Gallium-67 scintigraphy is useful for detecting active inflammation or malignant lesion. Regarding cardiac disease, it plays an important role in examining inflammatory disease including acute myocarditis, cardiac sarcoidosis, and cardiac amyloidosis [1–3].
Several studies report the gallium-67 scan to be useful in the diagnosis of acute myocarditis [1, 4]. The gold standard of diagnosis for acute myocarditis remains endomyocardial biopsy though the diagnostic accuracy of this procedure is limited [5, 6]. In clinical settings, the diagnosis of acute myocarditis is often judged by a clinical examination because endomyocardial biopsy has a risk of bleeding and cardiac tamponade. In our case, first and second gallium-67 SPECT/CT images clearly demonstrated that left atrial inflammation improved as time went by. Therefore, endomyocardial biopsy was not performed though biopsy was considered for definite diagnosis.
Some reports examined accumulation of RI in cardiac sarcoidosis lesions using gallium-67 SPECT/CT and FDG-PET/CT [7, 8], but these lesions are seen in the left ventricular wall in general. Till date, there is no report confirming localized gallium-67 accumulation only in the left atrium using SPECT/CT imaging. In the case of acute myocarditis, diffuse inflammation in the myocardium mainly on the left ventricle is seen. However, a case in which diffuse FDG uptake was seen in the left atrium due to myocarditis confined to the left atrium had been reported . In addition, a case in which diffuse FDG uptake was seen in the left atrium due to atrial fibrillation had been reported . Referring to previous reports, FDG may accumulate in the myocardium because of hyperenergia of glucose metabolism due to myocardial load besides inflammatory change. On the other hand, gallium-67 accumulates in the myocardium because of not myocardial load but inflammatory change. In our case, we speculated that gallium-67 SPECT/CT revealed diffuse inflammation in the left atrium, which was useful for understanding that temporary inflammation due to confined myocarditis in the left atrium caused paroxysmal atrial fibrillation. Recently, associations between cardiac inflammation and atrial fibrillation have been reported , and inflammatory cells such as macrophages are recruited across atrial endocardium in atrial fibrillation . We think gallium-67 accumulation in the left atrium is due to acute myocarditis because the serum antibody titer of cytomegalovirus was elevated in a few weeks, but we cannot deny the possibility that it is due to an idiopathic infiltration of inflammatory cells, which is considered to be one of the causes of atrial fibrillation. Further clinical case series are needed for verifying this possibility.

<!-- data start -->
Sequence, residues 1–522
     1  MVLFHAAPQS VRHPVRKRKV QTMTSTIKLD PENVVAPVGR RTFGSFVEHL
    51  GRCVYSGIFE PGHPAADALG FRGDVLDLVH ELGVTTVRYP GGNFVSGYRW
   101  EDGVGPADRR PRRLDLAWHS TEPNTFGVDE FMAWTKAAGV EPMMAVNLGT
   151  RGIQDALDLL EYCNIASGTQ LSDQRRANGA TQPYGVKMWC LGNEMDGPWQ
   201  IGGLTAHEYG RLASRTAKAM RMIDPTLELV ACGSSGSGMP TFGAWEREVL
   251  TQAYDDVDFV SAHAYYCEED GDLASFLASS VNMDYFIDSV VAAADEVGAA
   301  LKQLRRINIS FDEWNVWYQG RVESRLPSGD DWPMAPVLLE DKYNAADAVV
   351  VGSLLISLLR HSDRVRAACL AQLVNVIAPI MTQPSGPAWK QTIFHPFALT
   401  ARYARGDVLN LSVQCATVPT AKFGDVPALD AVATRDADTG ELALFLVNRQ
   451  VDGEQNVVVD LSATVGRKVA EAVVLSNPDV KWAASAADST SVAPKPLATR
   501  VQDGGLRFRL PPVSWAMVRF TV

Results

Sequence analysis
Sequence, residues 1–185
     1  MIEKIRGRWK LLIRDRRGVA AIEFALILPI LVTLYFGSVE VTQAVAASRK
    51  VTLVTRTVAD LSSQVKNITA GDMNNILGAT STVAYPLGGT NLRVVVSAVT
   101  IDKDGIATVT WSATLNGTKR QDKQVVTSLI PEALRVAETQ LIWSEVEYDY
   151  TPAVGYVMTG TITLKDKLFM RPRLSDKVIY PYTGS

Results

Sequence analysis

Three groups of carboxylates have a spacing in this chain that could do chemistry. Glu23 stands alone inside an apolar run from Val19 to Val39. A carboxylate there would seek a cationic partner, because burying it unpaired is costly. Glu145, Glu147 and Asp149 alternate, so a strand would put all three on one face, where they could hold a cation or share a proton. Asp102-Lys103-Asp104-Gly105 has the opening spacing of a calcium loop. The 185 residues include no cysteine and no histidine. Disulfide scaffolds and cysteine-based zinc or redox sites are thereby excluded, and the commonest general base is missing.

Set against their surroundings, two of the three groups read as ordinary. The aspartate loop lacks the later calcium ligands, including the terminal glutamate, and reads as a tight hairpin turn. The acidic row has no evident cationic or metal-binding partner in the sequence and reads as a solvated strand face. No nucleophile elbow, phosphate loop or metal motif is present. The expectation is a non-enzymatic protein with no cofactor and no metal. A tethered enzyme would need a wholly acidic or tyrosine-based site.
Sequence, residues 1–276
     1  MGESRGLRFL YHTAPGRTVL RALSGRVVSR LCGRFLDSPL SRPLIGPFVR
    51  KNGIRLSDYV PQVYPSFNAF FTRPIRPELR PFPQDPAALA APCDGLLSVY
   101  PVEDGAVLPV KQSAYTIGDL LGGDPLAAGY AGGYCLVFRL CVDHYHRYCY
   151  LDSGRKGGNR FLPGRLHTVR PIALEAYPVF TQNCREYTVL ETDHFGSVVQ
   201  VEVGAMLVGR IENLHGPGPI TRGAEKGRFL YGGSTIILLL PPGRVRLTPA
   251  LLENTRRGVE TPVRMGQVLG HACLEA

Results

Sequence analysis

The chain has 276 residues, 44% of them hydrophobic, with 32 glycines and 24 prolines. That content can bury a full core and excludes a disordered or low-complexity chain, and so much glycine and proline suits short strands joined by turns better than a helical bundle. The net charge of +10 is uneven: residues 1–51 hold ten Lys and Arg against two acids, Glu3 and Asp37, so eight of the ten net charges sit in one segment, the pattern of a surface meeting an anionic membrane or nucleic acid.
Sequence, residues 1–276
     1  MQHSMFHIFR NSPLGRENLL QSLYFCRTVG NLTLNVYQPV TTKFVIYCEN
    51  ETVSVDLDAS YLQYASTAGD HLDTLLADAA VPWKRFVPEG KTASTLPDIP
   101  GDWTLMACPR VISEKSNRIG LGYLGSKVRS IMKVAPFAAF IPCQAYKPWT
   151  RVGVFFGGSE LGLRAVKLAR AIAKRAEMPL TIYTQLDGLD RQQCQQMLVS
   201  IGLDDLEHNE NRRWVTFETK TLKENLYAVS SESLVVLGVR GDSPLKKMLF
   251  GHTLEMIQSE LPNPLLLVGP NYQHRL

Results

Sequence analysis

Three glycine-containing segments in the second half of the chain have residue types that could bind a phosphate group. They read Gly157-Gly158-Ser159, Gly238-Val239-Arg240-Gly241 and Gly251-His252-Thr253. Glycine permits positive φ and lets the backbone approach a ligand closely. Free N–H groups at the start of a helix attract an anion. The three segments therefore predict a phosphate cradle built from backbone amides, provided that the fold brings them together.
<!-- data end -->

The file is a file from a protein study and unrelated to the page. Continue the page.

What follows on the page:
This patient presented with atrial fibrillation on the electrocardiogram, left atrial thrombosis, and diffuse thickening of the left atrial wall on the echocardiography. SPECT/CT fusion images of gallium-67 scan showed corresponding diffuse abnormal accumulation of RI in the left atrial wall. These findings were useful for the localization of inflammation due to acute myocarditis. When abnormal accumulation of gallium-67 is observed in the heart on planar images, an additional SPECT/CT scan may be useful for evaluation of accurate localization.
The authors declare that they have no competing interests.
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Copyright © 2016 Kohei Kotani et al. This is an open access article distributed under the Creative Commons Attribution License, which permits unrestricted use, distribution, and reproduction in any medium, provided the original work is properly cited.